Friday, June 26, 2015

Gospel text for Sunday 28 June 2015

Mark 5:21-43        When Jesus had crossed again in the boat to the other side, a great crowd gathered around him; and he was by the sea. Then one of the leaders of the synagogue named Jairus came and, when he saw him, fell at his feet and begged him repeatedly, "My little daughter is at the point of death. Come and lay your hands on her, so that she may be made well, and live." He went with him.

And a large crowd followed him and pressed in on him. Now there was a woman who had been suffering from hemorrhages for twelve years. She had endured much under many physicians, and had spent all that she had; and she was no better, but rather grew worse. She had heard about Jesus, and came up behind him in the crowd and touched his cloak, for she said, "If I but touch his clothes, I will be made well." Immediately her hemorrhage stopped; and she felt in her body that she was healed of her disease. Immediately aware that power had gone forth from him, Jesus turned about in the crowd and said, "Who touched my clothes?" And his disciples said to him, "You see the crowd pressing in on you; how can you say, `Who touched me?'" He looked all around to see who had done it. But the woman, knowing what had happened to her, came in fear and trembling, fell down before him, and told him the whole truth. He said to her, "Daughter, your faith has made you well; go in peace, and be healed of your disease."
While he was still speaking, some people came from the leader's house to say, "Your daughter is dead. Why trouble the teacher any further?" But overhearing what they said, Jesus said to the leader of the synagogue, "Do not fear, only believe." He allowed no one to follow him except Peter, James, and John, the brother of James. When they came to the house of the leader of the synagogue, he saw a commotion, people weeping and wailing loudly. When he had entered, he said to them, "Why do you make a commotion and weep? The child is not dead but sleeping." And they laughed at him. Then he put them all outside, and took the child's father and mother and those who were with him, and went in where the child was. He took her by the hand and said to her, "Talitha cum," which means, "Little girl, get up!" And immediately the girl got up and began to walk about (she was twelve years of age). At this they were overcome with amazement. He strictly ordered them that no one should know this, and told them to give her something to eat.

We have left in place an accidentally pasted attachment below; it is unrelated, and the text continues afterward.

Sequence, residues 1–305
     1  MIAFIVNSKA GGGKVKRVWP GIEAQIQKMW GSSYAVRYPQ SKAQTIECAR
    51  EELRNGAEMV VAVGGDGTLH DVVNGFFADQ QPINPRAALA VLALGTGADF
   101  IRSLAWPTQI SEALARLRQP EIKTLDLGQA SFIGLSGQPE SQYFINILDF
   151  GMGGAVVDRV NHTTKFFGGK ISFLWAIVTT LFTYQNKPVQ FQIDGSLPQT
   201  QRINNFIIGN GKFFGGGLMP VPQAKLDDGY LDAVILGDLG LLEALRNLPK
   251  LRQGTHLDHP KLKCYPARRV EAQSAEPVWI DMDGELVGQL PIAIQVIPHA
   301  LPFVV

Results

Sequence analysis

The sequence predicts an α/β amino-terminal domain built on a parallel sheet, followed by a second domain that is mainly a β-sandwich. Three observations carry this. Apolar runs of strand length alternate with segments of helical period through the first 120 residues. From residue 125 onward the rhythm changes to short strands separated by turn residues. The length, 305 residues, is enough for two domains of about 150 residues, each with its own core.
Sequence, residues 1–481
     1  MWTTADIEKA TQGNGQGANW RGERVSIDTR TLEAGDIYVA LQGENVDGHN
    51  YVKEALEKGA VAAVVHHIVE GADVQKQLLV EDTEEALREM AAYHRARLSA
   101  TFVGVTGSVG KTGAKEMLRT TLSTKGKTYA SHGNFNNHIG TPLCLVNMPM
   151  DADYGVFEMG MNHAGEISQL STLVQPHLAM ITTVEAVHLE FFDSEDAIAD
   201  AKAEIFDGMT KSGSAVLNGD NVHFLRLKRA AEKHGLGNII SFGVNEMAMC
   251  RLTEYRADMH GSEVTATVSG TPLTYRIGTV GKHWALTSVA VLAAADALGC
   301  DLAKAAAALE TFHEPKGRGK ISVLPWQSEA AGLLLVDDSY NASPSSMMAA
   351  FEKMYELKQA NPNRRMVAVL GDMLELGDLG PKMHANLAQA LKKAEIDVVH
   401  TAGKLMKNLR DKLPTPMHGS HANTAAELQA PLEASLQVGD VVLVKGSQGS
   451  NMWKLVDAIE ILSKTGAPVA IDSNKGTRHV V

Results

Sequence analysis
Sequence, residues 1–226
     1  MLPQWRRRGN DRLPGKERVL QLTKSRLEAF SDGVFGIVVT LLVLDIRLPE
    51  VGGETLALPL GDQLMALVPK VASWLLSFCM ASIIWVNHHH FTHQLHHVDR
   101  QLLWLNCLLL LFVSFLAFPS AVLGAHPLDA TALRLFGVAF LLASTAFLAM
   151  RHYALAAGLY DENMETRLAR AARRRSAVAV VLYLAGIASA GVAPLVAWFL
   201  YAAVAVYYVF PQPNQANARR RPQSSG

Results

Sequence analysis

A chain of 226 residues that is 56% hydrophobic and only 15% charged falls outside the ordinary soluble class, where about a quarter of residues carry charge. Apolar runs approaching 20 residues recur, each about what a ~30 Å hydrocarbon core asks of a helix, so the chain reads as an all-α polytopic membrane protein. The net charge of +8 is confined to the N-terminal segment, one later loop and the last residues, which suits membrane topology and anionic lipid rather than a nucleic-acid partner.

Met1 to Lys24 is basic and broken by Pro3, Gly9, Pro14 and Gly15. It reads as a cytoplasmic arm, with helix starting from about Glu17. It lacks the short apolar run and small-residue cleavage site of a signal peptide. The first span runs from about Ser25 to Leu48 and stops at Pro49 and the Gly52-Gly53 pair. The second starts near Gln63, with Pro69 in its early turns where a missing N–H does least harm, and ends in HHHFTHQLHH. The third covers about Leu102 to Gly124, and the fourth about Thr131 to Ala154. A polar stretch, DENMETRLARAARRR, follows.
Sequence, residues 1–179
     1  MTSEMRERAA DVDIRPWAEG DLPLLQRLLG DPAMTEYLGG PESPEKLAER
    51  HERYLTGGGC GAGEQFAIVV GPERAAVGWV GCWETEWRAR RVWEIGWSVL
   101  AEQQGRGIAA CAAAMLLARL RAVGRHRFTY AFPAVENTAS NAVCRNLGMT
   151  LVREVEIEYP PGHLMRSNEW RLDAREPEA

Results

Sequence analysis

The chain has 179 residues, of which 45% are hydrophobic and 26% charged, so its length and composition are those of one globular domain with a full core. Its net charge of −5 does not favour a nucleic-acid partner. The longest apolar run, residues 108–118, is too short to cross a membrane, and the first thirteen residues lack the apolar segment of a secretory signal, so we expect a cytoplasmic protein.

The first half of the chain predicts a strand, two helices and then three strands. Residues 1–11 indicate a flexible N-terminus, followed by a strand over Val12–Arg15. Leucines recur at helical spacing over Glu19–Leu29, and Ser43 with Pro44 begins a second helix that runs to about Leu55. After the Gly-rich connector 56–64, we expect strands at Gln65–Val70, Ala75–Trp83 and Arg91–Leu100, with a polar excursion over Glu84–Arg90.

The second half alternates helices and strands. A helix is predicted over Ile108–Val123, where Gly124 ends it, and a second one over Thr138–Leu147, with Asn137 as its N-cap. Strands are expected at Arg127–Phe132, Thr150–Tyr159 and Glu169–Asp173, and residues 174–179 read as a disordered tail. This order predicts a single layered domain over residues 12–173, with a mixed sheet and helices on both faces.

Reflection        What is going on here? A man of position and power bows to Jesus. A powerless woman, cast out of society presumes to touch Jesus. Both of them must have been desperate and both must have over-heard the buzz around the Sea of Galilee. “There is a man named Jesus, a mere carpenter’s son who teaches with great authority, he cleanses lepers, heals the paralyzed and disfigured, eats with tax collectors and other sinners, he even casts out demons! I hear he is coming back to our side of the sea. Let’s go see what he can do.” 
Imagine the hemorrhaging woman hearing all that and being emboldened to break out of her isolation, leave her house in violation of purity code restrictions  and reach out to Jesus? In her desperation the woman did what was unheard of, she boldly touched a man, and”immediately felt in her body that she was healed of her disease.” By fearlessly stepping out in faith the woman was restored to fullness of life because to be ‘well’ meant not only to be physically cured but also to fearlessly show up and take her place in the community.
Meanwhile Jairus, the powerful religious leader, is witnessing the healing of the hemorrhaging woman when the other religious leaders deliver the awful news, “Your daughter is dead.” What are we to make of Jesus’ perplexing response, “Do not fear, only believe.” I believe Jesus is inviting Jairus and all of us to stretch, not only to have faith when asking for healing but also to have faith when faced with death. 
Divine life-giving power flows through Jesus, not like a hammer pounding a nail rather as water or blood poured into an open, empty vessel. You see, faith is the interior state of open, empty receptivity. Divinity is the fullness poured into the emptiness. Emptiness and fullness live in mutuality. This makes no sense to the rational mind that understands things by contrast, black or white, broken or fixed, empty or full.

Faith is a disposition of heart and mind that enables us to know God’s Divine Presence with us regardless of the situation. In the throes of an excruciating chronic illness, when we have used all of our resources, tried every medical procedure, and nothing works, we protest, “God is with us.”  When our friends throw up their hands, wail and cry, “All is lost,” we humbly aver, “God is with us.”